Bike Long Beach also notes a 50 percent increase in cycling citywide, and local businesses are reaping the benefits. “The increase in ridership is in our business areas — it’s Retro Row, it’s Second Street, it’s the corner at Broadway and Pine,” said Alan Crawford, Bicycle Coordinator for the City of Long Beach, in an interview with the Long Beach Gazette. “That’s what we want, because if they come by bike, they are not parking cars and we now free up that parking space for people who live further away.”

These trends also reflect an ongoing effort to build stronger connections between the city’s cycling and business communities. In 2010, Long Beach pioneered the concept of Bike Friendly Business Districts, districts where merchants actively incorporate cycling into events, promotions, services and day-to-day business operations. According to April Economides, President of Green Octopus Consulting, “If we can bike there instead of drive there, we’re healthier, we’re happier, we’re opening up car parking spaces for folks who need it and we’re helping our local businesses. It just gets to the heart of everything that’s most important about creating a healthy community.”
Long Beach, a city of more than 460,000 people in Southern California, has a goal to become “The Most Bicycle-Friendly City in America.” The city is so committed to this idea that the slogan is even inscribed on the city hall building itself. Bike Long Beach, a program of the city’s Public Works Department, estimates that the number of people who bike or walk to work in Long Beach has tripled since 2012. A local commitment to safe and convenient bike facilities preceded this increase; under the leadership of its former mobility coordinator, Charles Grandy, the city pledged more then $20 million for bike-related projects.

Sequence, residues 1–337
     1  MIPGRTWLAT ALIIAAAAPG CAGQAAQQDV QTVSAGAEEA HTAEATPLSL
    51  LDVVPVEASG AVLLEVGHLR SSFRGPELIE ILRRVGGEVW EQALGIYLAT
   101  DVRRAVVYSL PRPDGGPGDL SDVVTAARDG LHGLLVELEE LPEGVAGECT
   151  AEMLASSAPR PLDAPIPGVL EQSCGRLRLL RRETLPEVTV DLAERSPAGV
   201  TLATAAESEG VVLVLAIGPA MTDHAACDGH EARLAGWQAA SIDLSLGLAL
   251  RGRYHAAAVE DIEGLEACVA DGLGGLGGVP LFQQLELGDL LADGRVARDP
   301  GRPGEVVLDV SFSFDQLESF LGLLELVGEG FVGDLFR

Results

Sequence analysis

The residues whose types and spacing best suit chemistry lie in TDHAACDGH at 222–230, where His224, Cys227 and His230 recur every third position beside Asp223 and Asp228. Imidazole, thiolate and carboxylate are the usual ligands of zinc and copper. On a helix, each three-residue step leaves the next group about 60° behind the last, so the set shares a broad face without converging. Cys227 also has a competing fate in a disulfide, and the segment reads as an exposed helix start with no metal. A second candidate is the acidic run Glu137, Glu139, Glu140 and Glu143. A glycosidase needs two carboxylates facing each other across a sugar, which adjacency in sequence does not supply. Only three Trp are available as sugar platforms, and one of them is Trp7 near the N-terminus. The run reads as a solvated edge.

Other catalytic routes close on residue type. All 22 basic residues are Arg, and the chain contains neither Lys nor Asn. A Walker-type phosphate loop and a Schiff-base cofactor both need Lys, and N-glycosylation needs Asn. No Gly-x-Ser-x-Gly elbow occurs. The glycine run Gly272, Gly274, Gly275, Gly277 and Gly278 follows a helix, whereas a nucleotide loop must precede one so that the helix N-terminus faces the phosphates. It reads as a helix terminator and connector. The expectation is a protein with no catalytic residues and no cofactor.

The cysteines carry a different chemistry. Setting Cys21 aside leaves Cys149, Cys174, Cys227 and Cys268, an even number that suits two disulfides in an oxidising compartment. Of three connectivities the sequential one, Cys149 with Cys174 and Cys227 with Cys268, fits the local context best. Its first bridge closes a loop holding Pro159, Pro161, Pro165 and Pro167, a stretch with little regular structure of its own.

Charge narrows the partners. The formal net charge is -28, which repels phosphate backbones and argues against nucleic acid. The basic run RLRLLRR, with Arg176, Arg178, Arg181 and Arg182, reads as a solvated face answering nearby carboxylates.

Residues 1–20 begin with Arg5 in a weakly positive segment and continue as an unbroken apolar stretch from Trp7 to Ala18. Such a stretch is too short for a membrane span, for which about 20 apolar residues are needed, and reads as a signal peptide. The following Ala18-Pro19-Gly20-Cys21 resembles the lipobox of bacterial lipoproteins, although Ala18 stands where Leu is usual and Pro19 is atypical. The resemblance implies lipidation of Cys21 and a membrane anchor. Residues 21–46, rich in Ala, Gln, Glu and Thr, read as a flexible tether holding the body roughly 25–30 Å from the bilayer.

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A closer look at Measuring Sprawl: Land use mix in Santa Barbara, CA

Santa Barbara, CA

Santa Barbara, CA’s high score for land mix use—the diversity of jobs, homes, and services within its neighborhoods—helped it land near the top of our recent Measuring Sprawl 2014 report’s rankings for American cities. As Measuring Sprawl 2014 explores, a high overall rating for connectivity and compactness is linked to improved health outcomes, greater economic mobility, and lower combined spending on housing and transportation costs.

Santa Barbara’s outstanding level of land use mixture is the result of 25 years of planning, design, and implementation driven by both community and local government leaders. But the city’s key policies and strategies hold lessons for every community, no matter what size or how far along in the process.

Factor in focus: Land Use Mix
Measuring Sprawl 2014 used four factors to evaluate development: density, land use mix, street connectivity and activity centering. Every major metro area in the country was evaluated on these factors, which were then combined to create a metro area’s overall Sprawl Index score.

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EPA recognizes seven communities with National Award for Smart Growth Achievement

Atlanta BeltlineThe Atlanta Beltline, one of this year’s award winners. Photo by Christoper T. Martin, courtesy of Atlanta Beltline.